9-year-old, lawmakers rally for 9/11 health benefits
The World Trade Center Health Program, which provides health monitoring and treatment for first responders, expired this fall but has enough funding to operate into next year
By Jonathan Lemire
NEW YORK — At a rally featuring speeches by nearly a dozen lawmakers, the loudest message of all was delivered by a 9-year-old boy who didn't say a word.
Jack McNamara, a fourth grader, held a sign that read "Don't let other dads die!!! I miss my Dad, FDNY Firefighter John F. McNamara," words that were surrounded by hearts, American flags and a call for a fully funded renewal of the Zadroga Act, legislation that provides health benefits for first responders who grew ill after the Sept. 11 terror attacks.
The World Trade Center Health Program, which provides health monitoring and treatment for first responders, expired this fall but has enough funding to operate into next year. The victim's compensation fund expires Oct. 1.
"This is not a random health epidemic," said U.S. Sen. Kirsten Gillibrand, who stood with other New York elected officials Sunday at a rally near the new One World Trade Center. "This is a group of men and women dying because they chose to serve on 9/11. Those chose to do the right thing. They sacrificed for us."
The Zadroga Act, named after a responder who died after working at Ground Zero, first became law in 2010 after a debate over the bill's cost. Proponents are seeking the law's permanent extension in part because some illnesses may not manifest until years later, after the statute of limitations for worker's compensation or certain state laws may have run out.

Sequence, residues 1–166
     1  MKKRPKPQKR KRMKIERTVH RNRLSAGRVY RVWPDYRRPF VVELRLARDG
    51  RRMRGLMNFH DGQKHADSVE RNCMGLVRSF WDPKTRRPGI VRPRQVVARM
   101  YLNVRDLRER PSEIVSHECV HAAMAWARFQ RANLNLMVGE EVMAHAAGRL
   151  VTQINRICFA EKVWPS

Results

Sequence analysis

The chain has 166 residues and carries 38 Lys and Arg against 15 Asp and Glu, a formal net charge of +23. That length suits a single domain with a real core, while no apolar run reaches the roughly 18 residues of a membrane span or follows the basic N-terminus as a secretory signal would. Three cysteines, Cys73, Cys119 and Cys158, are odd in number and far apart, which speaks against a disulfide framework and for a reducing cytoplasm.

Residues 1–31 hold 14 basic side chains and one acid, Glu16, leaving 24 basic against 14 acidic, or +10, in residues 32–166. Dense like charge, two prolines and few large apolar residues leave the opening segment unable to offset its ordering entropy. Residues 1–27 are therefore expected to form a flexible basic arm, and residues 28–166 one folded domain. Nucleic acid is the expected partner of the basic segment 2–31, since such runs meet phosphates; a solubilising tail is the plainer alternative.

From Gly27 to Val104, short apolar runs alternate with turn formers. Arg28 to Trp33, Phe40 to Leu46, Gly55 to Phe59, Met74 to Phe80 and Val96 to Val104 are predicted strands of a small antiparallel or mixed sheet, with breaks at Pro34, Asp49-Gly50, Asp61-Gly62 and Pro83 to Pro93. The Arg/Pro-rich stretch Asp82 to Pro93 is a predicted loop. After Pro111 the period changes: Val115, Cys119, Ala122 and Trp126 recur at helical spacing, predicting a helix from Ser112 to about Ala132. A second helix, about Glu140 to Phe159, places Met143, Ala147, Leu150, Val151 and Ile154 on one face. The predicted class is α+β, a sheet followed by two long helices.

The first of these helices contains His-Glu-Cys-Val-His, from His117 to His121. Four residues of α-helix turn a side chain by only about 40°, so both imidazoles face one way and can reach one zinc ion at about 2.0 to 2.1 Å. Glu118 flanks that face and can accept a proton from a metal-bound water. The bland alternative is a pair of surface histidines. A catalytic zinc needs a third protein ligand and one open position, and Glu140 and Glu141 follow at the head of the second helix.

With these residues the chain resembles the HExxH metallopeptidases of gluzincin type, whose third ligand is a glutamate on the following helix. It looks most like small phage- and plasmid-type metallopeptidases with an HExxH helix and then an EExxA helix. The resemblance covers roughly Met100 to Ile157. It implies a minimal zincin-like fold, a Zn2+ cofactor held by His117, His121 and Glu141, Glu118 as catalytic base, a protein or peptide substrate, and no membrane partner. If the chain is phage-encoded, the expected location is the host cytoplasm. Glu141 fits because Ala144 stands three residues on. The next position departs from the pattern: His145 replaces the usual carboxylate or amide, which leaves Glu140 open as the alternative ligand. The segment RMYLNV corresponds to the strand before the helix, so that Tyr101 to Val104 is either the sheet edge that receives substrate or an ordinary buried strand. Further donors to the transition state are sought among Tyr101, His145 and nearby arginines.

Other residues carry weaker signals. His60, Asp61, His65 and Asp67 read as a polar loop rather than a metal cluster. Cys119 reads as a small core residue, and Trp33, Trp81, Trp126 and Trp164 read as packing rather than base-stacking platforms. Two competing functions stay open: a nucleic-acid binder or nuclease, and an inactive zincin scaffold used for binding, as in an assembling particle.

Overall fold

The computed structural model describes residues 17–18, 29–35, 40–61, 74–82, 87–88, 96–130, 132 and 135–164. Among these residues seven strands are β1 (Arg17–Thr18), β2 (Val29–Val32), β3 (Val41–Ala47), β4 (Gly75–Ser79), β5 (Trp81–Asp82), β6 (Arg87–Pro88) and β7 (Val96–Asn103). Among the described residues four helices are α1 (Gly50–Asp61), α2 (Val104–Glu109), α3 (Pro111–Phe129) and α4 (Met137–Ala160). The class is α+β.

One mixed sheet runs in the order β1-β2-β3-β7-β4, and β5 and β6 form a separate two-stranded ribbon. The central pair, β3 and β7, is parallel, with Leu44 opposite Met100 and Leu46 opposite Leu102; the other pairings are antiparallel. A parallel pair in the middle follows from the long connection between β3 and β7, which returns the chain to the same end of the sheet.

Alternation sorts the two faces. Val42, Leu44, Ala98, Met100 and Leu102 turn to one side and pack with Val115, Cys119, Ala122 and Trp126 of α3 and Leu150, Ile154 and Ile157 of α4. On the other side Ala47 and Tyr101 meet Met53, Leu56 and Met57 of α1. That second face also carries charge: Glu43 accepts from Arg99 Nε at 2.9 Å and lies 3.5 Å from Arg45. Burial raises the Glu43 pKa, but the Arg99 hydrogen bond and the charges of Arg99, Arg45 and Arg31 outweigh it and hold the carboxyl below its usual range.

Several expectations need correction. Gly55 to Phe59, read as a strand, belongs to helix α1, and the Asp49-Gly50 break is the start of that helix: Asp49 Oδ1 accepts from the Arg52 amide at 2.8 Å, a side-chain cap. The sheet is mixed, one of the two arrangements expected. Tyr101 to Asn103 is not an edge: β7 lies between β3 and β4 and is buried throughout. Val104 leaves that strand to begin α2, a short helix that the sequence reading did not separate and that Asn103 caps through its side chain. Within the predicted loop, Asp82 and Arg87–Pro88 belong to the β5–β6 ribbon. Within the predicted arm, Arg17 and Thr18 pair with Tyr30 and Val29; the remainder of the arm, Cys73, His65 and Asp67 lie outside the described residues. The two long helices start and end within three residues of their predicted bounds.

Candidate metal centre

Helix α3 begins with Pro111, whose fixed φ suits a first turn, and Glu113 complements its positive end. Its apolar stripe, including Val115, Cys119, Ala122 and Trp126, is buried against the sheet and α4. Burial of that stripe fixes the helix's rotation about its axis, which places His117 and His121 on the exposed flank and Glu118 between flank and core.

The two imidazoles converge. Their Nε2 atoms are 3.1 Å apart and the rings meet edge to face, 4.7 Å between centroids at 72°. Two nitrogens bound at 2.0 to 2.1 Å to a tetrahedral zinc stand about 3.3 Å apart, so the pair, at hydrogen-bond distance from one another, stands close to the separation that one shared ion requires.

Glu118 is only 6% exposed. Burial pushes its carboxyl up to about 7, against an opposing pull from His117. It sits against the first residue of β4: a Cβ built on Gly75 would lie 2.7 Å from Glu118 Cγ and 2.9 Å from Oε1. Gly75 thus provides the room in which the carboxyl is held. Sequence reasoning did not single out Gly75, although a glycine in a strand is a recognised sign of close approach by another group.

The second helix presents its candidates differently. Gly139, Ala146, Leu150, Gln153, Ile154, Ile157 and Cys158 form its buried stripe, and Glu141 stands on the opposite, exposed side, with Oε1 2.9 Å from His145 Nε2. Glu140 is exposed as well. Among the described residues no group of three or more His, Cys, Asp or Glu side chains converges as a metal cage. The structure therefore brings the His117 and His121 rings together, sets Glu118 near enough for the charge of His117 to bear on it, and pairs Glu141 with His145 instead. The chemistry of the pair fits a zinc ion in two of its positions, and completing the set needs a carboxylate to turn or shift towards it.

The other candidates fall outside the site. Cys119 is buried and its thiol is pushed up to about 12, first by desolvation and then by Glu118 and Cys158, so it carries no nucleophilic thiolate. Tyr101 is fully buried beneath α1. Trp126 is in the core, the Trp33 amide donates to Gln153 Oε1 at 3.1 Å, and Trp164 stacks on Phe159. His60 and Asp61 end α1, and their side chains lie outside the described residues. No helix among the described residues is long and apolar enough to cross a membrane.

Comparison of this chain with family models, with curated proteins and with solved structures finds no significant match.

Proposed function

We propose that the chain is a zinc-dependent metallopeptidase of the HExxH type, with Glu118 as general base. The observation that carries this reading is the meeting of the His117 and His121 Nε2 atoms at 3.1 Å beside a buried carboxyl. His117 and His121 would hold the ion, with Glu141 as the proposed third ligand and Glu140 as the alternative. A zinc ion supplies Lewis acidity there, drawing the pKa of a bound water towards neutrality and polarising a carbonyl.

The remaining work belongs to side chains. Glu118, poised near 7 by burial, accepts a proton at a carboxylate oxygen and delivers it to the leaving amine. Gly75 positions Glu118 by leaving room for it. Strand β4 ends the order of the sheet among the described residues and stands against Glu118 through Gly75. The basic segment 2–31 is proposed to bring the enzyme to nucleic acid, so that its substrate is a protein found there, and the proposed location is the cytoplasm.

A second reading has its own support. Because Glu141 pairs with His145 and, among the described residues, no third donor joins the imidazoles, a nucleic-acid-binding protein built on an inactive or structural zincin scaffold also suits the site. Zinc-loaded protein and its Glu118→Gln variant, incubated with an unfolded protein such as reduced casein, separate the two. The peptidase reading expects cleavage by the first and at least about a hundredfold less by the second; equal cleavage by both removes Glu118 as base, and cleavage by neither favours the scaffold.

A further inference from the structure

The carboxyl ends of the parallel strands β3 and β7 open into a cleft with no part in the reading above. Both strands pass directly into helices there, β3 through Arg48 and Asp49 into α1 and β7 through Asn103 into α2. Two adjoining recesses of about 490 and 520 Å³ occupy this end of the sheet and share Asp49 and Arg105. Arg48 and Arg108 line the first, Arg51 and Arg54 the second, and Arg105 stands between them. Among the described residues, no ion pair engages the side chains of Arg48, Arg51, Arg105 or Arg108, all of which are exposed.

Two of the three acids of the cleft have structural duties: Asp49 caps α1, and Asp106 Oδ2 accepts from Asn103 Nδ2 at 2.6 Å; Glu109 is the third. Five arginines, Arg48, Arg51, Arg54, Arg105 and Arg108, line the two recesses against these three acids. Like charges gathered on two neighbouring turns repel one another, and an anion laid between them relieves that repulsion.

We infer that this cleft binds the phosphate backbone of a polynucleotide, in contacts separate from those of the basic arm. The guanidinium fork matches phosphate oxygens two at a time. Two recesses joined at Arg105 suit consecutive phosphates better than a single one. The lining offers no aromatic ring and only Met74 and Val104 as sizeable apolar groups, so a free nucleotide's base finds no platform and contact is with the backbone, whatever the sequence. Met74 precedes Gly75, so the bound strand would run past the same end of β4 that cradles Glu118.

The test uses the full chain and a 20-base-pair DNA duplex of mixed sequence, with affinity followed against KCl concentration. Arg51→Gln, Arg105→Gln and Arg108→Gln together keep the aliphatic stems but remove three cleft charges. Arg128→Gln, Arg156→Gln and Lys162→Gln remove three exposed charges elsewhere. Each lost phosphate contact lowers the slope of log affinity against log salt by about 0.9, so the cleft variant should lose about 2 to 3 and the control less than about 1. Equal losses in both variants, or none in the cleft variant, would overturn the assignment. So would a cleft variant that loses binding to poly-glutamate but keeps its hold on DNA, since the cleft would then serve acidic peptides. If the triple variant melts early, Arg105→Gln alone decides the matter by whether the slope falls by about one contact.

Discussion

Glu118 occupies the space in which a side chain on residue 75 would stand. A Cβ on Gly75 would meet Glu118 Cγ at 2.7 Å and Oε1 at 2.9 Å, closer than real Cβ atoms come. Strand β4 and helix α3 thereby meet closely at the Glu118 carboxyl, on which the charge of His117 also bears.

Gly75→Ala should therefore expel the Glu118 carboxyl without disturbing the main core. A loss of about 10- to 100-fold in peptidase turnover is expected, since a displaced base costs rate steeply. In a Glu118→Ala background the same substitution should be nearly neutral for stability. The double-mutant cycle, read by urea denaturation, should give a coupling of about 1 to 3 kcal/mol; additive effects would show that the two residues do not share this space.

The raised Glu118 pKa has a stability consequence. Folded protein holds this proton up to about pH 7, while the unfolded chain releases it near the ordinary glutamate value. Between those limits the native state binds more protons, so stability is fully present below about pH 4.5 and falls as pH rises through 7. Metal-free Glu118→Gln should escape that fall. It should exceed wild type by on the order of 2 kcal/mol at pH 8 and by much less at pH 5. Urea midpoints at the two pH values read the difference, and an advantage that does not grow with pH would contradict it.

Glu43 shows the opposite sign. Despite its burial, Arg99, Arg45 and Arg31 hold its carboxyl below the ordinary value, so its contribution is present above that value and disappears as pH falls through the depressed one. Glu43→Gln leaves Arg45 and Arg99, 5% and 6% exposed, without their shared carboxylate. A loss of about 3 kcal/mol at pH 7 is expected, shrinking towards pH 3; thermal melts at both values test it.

House and Senate Republicans have generally been supportive of the program but have opposed its permanent extension due to concerns about its cost — approximately $7 billion — and because they say they want the chance to periodically review it.
Sen. Charles Schumer said Sunday that Democrats thought the law would be part of a five-year, $305 billion transportation bill passed last week but it was excluded at the last moment. He called on lawmakers to renew it this week before Congress goes out of session for the holidays.
"These final days of the session will be days of horse-trading," said Schumer, who was flanked by Mayor Bill de Blasio, several members of Congress and many first responders. "But let me tell you something: We don't trade the lives of our first responders for anything. How dare you trade the lives of our first responders for your little political gain?"
Schumer urged Senator Majority Leader Mitch McConnell and House Speaker Paul Ryan, both Republicans, to act this week. Neither man's office immediately returned requests for comment.
Firefighter John F. McNamara spent about 500 hours at Ground Zero looking for his fallen brethren. He died in 2009 after suffering from colon cancer. He was 44.